Life is like a dance.
When I went to college, I expect my ultimate goal was graduation — but what I got was beyond my fondest imagination. This was the realization of my life’s dreams. And yet, the manifestation of my reality was not what I expected or even comprehended. How could that be?
I suppose because I was focused on studying communications at the time, I didn’t follow the typical selection of classes, which meant the majority of my major involved writing papers, composing lengthy prose, and working for a time at The Daily Universe, the school’s student paper and writing laboratory. The editors, writers, photographers, and copy editors are all students, some paid, some reporting for a journalism class. The opinion pieces in the paper are overseen by an editorial board that includes student staff, professional staff, university professors, and local professionals.
So when I became a senior and was finishing the completion of classes for graduation, I realized that I had somehow overlooked freshman English. With the volume of writing I had done, I thought it was just a formality to go back and take this class. I had to complete it in order to graduate, so I registered for this course my senior year. I had no idea what I was getting into.
I was married by that time, and what I thought was going to be an elementary lesson of common principles I already used every day turned out to be a semester-long struggle to maintain a passing grade. The tests weren’t the problem. I aced them. It was the compositions. I barely pulled passing grades the entire semester. I couldn’t understand. I concluded that the instructor had it out for me, or maybe I didn’t fathom her teaching style or expectations. My wife sympathetically listened to my complaints.
Then I learned the final examination was going to be an hour-long writing assignment in class. “The paper you will be asked to write will be a culmination of everything you have learned this semester, and since it will have significant impact on your final grade, a different instructor will be grading your paper.”
I remember the day of the final examination. My palms were sweaty as I took my seat in the classroom. We were instructed not to turn the papers over until directed to do so by the teacher. “You will have until the top of the hour. I will announce verbally once we have reached one-half-hour mark, then fifteen before the top of the hour, and finally with five minutes remaining. When I say time’s up, you are to put your pencils down and stand beside your seat. I will collect the papers and class will be dismissed.”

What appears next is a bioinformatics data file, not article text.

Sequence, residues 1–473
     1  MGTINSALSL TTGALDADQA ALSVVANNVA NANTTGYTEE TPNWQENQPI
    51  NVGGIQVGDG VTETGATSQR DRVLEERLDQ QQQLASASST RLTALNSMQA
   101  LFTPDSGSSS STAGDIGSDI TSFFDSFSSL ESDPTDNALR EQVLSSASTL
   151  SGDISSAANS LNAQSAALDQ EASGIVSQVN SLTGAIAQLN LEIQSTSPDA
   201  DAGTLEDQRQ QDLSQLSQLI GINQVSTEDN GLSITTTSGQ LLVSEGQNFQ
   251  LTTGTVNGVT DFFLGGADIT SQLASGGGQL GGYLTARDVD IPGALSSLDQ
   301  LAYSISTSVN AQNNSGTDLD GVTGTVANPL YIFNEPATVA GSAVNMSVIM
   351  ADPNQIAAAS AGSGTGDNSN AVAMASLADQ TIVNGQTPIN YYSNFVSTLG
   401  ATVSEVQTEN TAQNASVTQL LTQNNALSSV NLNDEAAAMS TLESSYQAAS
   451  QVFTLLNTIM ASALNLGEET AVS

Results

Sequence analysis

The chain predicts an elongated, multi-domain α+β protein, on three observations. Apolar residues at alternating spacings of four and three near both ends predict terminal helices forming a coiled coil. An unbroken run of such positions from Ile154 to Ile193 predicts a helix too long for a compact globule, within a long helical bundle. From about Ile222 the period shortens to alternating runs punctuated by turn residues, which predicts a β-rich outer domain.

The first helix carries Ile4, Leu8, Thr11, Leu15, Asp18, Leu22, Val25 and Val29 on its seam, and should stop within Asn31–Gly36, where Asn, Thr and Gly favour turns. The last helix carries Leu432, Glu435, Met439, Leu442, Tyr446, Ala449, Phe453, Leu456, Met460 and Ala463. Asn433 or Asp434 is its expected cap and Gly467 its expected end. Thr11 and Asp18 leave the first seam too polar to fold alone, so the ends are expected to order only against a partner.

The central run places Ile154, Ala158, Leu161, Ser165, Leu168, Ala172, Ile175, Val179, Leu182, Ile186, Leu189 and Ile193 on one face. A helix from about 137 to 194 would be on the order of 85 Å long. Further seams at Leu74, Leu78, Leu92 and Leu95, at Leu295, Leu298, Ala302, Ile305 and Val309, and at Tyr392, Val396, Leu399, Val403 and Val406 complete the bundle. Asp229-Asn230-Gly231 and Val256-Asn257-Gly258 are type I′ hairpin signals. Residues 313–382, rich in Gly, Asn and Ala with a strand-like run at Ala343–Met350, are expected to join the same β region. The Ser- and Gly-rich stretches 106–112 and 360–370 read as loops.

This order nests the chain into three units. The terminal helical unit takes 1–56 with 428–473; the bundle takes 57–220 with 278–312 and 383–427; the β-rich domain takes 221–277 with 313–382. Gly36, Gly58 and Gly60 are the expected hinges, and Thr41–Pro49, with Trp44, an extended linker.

I turned the paper over and read the instructions. We were given three possible topics from which we could choose to write. One of the choices was essentially to tell about the similarities and differences of your parents and how these characteristics made their marriage work. The other two options, I can’t remember.
So I made my decision and chose this topic, then I began to write.
My college education had also given me the opportunity to take a few dance classes for PE credit. They weren’t particularly eventful, but from them I learned that this discipline requires the participants to be in harmony and demonstrate courage, resilience, and devotion—just like marriage.
I realized through this process that my parents’ lives and love had spilled out on the dance floor in the form of a happy home, children they cherished, and lives of courage, love, trust, and consideration.
So the following week I went to class, where we were to receive our scores for the exam. Best I can remember that for some reason, I arrived that day after the class had already started. I took my paper from the front of the room on the way to my seat. The students were discussing with the teacher their scores and wanted to know if this test was being graded on the curve.
“If the person that got the highest score wants to make that known, it’s up to him.” Suddenly everyone was looking at me, waiting for a response.
“Me?” I stammered, after a long, uncomfortable pause.
I looked down at my paper and, for the first time, noticed the beautiful letter “A” scrawled in red pen across the top of the score sheet. It turns out that it was the highest score awarded that semester. I asked if I could have my paper back, but university policy required that examination pages were not returned to the students. I asked the department chair, but the answer was the same.
So a few years later, I rewrote the paper for my parents’ 50th wedding anniversary. The thing is that I am still learning “the dance”—not from instructors in a university class setting, but from experts in the University of Life.
Life is a test, and I still have a lot to learn, but it is much better going through our time here with good examples, a Great Instructor, and a partner you love. That is the reason for the dance in the first place.
When you get the choice, I hope you dance.
In 1989, Walter Penning formed a consultancy based in Salt Lake City and empowered his clients by streamlining processes and building a loyal, lifetime customer base with great customer service. His true passion is found in his family. He says the best decision he ever made was to marry his sweetheart and have children. The wonderful family she has given him and her constant love, support, and patience amid life's challenges is his panacea.